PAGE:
From fostering the passion for motor cars to creating award-winning, beautifully designed fragrances, the journey of quintessentially British Dunhill London has never been dull for a moment. Here’s the story…
At the dawn of the age of motoring, Alfred Dunhill’s creative spark and resolute spirit led him from apprentice at his father Henry’s leather, tarpaulin and equine goods store, to owning a business that now spans the world. In 1893, the visionary Alfred moved this family harness-making business towards motor accessories and clothing. In 1896 the Public Highways Act was passed in parliament, fuelling this new craze for motoring (despite the fact that there were only 20 cars on the road at the time!). Alfred grasped the opportunity to grow the business, inventing the term ‘Motorities’, using a slogan that promised ‘Everything But https://perfumesociety.org/wp-admin/edit.php?post_type=productThe Motor’, selling clothing, goggles and all the necessary equipment these fast-living go-getters might require.
Always ahead of the game, Alfred invented the dashboard clock, launched in 1903. With a nose to something more fragrant, he then unveiled the ‘Windproof Pipe’ in 1904 (allowing drivers to enjoy their smoke on-the-go). Pursuing this interest in tobacco-related paraphernalia, in 1907 Alfred opened his second business in Duke Street – which eventually expanded into the Jermyn Street boutique Dunhill still occupy today. (There is also now a splendid flagship on Mayfair’s Davies Street, in a Georgian townhouse, pictured right.) The first Dunhill wrist watches and pens joined the collection 1926.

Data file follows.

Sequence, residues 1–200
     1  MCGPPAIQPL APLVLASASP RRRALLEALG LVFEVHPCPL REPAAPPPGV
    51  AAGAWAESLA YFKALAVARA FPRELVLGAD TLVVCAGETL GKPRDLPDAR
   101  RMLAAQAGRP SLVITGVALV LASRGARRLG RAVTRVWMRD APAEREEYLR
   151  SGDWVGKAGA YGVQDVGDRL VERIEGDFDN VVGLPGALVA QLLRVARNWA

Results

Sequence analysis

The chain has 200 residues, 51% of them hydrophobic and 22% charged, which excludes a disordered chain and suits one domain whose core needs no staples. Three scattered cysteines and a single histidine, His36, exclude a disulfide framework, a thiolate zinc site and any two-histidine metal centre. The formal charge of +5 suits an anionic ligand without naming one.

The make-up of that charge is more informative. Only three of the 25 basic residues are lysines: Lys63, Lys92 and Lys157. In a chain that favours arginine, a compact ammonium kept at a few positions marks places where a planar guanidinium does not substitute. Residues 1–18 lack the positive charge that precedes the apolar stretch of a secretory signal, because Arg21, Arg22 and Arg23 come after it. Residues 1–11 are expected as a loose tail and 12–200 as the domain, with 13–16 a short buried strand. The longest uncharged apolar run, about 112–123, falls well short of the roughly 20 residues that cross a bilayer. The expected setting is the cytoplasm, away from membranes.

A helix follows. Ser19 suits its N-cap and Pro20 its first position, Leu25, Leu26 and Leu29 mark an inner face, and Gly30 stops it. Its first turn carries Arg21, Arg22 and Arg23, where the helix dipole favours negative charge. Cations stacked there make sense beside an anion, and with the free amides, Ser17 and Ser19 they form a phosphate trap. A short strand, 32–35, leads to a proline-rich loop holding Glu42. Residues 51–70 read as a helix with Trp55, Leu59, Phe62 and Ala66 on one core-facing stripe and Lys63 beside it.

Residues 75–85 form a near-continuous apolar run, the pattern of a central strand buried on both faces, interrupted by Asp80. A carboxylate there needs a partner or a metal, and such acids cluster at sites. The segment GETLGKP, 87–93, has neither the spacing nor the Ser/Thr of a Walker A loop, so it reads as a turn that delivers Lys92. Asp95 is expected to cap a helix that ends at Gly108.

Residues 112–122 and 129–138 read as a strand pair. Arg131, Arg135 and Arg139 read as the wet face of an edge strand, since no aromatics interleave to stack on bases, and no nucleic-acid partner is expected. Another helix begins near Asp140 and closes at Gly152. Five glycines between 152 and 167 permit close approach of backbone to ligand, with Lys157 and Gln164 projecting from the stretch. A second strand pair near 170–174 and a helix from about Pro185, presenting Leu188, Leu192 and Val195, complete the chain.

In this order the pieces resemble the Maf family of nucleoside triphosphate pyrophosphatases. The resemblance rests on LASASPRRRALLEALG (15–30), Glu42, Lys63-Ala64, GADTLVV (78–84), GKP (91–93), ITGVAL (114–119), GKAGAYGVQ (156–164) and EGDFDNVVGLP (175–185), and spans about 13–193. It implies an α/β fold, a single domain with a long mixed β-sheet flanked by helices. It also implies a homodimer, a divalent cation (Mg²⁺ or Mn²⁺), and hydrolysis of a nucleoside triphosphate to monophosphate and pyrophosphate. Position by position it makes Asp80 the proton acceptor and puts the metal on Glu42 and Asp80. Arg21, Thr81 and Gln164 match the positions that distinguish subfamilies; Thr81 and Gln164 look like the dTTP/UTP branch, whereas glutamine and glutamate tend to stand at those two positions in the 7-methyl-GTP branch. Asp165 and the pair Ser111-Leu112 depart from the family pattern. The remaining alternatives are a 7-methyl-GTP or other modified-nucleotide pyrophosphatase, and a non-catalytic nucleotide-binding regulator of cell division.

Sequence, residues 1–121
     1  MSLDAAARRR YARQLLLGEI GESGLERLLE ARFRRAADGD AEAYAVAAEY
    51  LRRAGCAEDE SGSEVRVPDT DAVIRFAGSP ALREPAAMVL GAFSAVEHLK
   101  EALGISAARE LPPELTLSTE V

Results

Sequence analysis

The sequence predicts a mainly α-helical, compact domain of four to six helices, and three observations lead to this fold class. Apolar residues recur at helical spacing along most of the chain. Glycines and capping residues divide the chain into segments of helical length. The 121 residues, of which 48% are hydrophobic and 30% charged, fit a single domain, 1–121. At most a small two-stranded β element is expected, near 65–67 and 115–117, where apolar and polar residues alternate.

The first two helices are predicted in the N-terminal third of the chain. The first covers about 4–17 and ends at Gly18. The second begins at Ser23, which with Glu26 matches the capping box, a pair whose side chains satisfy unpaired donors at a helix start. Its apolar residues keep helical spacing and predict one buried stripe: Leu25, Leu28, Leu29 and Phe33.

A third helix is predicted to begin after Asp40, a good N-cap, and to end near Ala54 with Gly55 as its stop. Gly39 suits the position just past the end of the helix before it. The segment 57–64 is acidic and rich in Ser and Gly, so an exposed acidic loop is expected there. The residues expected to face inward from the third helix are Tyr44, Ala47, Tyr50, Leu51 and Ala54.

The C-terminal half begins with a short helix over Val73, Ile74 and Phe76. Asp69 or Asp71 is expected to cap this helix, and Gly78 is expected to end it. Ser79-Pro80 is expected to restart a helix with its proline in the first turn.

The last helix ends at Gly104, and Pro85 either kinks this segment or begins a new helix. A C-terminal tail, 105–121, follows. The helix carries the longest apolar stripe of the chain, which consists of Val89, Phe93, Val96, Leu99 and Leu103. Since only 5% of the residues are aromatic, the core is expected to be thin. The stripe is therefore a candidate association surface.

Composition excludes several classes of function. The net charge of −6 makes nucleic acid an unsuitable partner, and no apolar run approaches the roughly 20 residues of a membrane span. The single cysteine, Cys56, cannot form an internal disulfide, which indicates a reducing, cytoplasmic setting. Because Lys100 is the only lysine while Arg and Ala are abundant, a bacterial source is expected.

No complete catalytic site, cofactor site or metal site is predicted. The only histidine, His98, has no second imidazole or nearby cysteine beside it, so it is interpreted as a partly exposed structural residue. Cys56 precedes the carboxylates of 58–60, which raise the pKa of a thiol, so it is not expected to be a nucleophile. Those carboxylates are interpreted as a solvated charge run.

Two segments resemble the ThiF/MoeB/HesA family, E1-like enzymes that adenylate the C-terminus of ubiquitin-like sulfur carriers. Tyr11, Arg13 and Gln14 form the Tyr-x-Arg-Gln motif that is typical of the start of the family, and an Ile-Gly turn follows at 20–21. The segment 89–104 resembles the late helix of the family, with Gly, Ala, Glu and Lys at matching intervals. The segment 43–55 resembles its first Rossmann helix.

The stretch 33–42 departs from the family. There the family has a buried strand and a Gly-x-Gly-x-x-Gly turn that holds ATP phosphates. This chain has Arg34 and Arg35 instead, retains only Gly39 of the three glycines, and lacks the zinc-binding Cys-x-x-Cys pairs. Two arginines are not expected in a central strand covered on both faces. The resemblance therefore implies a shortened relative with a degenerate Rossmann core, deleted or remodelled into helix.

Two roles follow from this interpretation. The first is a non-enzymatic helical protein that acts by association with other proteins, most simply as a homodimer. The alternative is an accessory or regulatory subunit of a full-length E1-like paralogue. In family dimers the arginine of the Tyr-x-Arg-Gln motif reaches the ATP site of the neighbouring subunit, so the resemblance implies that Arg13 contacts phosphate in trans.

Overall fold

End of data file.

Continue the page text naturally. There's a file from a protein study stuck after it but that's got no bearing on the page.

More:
Countless fascinating tales are woven into Dunhill’s history. Having gone on to open outpost in Paris, selling luxury goods for the city’s refined gentleman, customers included a Mr. Pablo Picasso, who purchased a Dunhill cigarette lighter that he etched with a portrait of his lover, Dora Mar, before giving it to her as a present. When the London Dunhill store was destroyed by a Luftwaffe bomb, Alfred Henry Dunhill Jr. (son of Alfred) was not be defeated. With that ‘make do and mend’ attitude adopted by so many during the war, within 24 hours he simply set up a table right in front of the ruined building and began to sell pipes again.
Elegance and style became the watchwords of Dunhill, who in 1976 expanded their clothing line to offer blazers and tuxedos, ties and more. Their signature, always: exquisite design and a fanaticism for quality and craftsmanship. This certainly extends to the creation of Dunhill’s fragrance wardrobe. Amazingly, the brand’s first fragrance actually dates back to 1934: Dunhill For Men. Since then they’ve gone on to expand what is ‘technically’ a male fragrance portfolio – but our experience is that women often find the fragrances eminently borrowable.
2015 marked the unveiling of – literally – a new Dunhill icon, and a new landmark in its fragrant story. From the masterful Carlos Benaïm, Dunhill Icon is a sleek and racy number, the Italian bergamot and neroli absolute fused with a pulse of black pepper, cardamom and Provence lavender, encased in a pleasingly textured and weighty bottle, left, whose engine-turned finish doffs the cap (and goggles) to their peerless motoring heritage. Indeed, in 2018, Dunhill Icon Racing – a natty blend of citrus with a swoon-worthy heart of orange blossom and vetiver rich dry down – won a coveted Fragrance Foundation Award for Best New Male Design & Packaging, the luxe flacon suitably arrayed in racing green this time.
Since then, Icon’s been joined by the equally suave Dunhill London Century – a totally sharable, ultra-suave sandalwood and cardamom with whispers of neroli and incense-like olibanum in the base.
Archetypically British with an edge of derring-do, the name of Dunhill remains synonymous with a style that never dates.